Join Date
    Jan 2014
    Having a law that empowers OIC regulations is called a Henry VIII clause.
    Actually that's not what a Henry the 8 clause is. A HT8 is a law that allows itself to break or override itself or other laws. OIC regulations don't generally have that power. Certainly the vast majority don't.

    And regulations aren't 'oic', they're just regulations. An OIC (order in council) is just the process by which regulations are changed.

    Acts enable regulation, and that's usually perfectly normal. For example, a wildlife act may say "you can hunt deer but only under the terms of the regulations." Then each year they pass regulation as to how many deer you can shoot, and in what areas. That prevents them from having to pass a new law every year and it doesn't actually change the law which enabled the regulation. As you say tho - the law still trumps the regulation.

    Now - the regulation that allows them to name certain guns to the various classes of guns comes CLOSE to that - but it doesn't actually change the law. But it does sort of, and it allows the gov't to change what guns are legal without going to parilament. It's not a true HT8 clause, but it comes very close.

    Consider the idea that an act allowed for regulations which modified the act. For example - lets say that the act said "Section 1 - people shall be issued a gun license if: A) they pass a test and b) they have no criminal convictions.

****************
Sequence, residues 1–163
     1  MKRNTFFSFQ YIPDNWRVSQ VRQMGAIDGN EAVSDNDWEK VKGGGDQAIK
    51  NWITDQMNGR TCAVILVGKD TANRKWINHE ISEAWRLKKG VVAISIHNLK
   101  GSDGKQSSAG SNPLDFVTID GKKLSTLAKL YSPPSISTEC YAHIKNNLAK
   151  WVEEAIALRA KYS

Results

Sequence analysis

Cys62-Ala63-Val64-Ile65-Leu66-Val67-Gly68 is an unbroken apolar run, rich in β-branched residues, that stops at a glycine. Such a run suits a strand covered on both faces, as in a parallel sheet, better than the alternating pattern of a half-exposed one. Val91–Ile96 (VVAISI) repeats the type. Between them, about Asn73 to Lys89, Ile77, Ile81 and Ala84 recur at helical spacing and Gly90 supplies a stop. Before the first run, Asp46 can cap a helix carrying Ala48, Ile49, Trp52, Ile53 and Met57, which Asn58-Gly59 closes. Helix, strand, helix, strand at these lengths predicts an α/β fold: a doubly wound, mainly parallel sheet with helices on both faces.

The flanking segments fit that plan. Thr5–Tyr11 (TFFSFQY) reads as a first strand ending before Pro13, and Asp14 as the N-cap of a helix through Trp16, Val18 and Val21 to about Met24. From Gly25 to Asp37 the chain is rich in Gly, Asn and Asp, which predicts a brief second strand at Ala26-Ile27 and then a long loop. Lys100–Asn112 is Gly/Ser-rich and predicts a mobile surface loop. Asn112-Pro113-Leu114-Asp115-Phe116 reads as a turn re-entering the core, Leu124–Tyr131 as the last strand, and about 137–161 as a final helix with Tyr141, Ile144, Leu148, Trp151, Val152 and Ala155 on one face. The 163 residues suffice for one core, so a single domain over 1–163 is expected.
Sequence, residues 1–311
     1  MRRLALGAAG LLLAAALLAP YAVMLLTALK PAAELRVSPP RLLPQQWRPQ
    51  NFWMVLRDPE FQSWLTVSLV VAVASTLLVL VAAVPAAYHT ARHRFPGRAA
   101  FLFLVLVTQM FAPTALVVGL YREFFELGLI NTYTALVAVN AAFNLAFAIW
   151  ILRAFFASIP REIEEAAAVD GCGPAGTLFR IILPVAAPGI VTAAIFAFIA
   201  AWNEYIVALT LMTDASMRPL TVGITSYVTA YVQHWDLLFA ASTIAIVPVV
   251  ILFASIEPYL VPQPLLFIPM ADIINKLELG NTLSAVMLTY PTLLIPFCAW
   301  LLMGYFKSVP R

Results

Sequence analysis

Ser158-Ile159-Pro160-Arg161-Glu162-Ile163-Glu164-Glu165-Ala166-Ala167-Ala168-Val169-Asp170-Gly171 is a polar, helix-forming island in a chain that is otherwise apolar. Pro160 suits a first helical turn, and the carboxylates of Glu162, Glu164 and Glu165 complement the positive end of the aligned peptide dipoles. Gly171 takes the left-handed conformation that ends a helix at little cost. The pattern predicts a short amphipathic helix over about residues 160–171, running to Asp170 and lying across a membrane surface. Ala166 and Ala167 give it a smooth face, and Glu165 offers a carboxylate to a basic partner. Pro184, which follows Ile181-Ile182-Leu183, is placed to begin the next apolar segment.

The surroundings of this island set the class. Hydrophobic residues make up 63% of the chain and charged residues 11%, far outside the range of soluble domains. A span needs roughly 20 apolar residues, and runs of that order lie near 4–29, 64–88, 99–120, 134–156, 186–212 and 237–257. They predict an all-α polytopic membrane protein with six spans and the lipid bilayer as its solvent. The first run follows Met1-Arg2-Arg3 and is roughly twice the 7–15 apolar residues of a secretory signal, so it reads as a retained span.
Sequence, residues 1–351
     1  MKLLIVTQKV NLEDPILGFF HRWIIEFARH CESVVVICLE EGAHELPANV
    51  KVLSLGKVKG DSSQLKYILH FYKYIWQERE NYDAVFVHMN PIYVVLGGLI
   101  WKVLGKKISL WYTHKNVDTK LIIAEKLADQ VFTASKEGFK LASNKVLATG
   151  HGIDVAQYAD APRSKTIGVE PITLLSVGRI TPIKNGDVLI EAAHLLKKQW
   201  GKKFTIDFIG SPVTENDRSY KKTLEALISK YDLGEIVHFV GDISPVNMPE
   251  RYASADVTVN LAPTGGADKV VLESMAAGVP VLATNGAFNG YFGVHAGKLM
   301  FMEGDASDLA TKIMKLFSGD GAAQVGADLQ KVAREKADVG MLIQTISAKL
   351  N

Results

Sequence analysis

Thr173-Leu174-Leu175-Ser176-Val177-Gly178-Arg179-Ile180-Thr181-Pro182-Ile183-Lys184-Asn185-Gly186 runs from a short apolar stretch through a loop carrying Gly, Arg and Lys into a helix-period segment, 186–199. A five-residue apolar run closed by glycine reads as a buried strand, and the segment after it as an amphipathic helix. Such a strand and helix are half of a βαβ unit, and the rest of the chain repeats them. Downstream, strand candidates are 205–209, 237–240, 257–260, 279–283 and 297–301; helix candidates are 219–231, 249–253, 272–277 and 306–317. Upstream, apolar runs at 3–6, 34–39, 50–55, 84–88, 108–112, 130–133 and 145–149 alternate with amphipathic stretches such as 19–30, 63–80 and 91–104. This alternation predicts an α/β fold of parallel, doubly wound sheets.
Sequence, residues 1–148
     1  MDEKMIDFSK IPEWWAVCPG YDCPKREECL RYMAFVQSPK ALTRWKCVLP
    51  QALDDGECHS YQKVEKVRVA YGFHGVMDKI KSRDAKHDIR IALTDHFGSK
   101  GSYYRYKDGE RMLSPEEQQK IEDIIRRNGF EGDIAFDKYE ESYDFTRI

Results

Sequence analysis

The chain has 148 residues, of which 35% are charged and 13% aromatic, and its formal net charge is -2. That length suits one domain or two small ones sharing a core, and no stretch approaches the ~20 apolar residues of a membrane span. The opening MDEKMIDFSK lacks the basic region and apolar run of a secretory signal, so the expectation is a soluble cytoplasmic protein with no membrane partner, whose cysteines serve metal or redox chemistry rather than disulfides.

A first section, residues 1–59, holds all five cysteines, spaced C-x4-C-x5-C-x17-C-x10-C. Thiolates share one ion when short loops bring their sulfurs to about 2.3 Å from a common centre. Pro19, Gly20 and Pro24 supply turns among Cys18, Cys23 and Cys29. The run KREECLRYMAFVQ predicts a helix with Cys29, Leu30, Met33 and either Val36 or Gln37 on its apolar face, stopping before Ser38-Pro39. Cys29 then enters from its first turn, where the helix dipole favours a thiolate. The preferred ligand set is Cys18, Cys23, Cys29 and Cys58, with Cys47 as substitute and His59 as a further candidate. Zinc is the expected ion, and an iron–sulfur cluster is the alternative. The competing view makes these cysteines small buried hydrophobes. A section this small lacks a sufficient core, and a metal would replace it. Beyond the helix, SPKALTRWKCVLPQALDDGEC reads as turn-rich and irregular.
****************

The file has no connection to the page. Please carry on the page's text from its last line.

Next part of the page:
THEN it says "section 1 may be modified by the regulations".

    That would allow them to pass a regulation by OIC that said "Section one shall now also include "c) if they are loyal members of the liberal party and justin says its ok""

    Now the original law is modified - WITHOUT an act of parliament.

    The use of regulations is supposed to be to address those things which change so regularly that it would be a horrible waste of time to have a new law passed each time. Like hunting regs, or the like.

    They got away with regs for guns because there's always new guns coming on the market and they might need to make changes to the status of various new guns pretty regular. But it still borders on being a HT8 clause because it does allow gov'ts to go back after the fact and change the legal status of a gun even after it's been orgininally assessed and even if it would meet the critera of another classification. But it's not actually an HT8

  5. #5
    Senior Member Steveo9mm's Avatar
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    Nov 2013
    thanks for not putting the brick wall in the video.

  6. #6
    Senior Member 3MTA3's Avatar
    Join Date
    Jul 2012
    "Henry VIII" clause -a provision in a Bill which enables primary legislation to be amended or repealed by subordinate legislation, with or without further Parliamentary scrutiny.
    "So much of left-wing thought is a kind of playing with fire by people who don't even know that fire is hot.." - George Orwell
    "Necessity is the plea for every infringement of human freedom. It is the argument of tyrants; it is the creed of slaves."-William Pitt the younger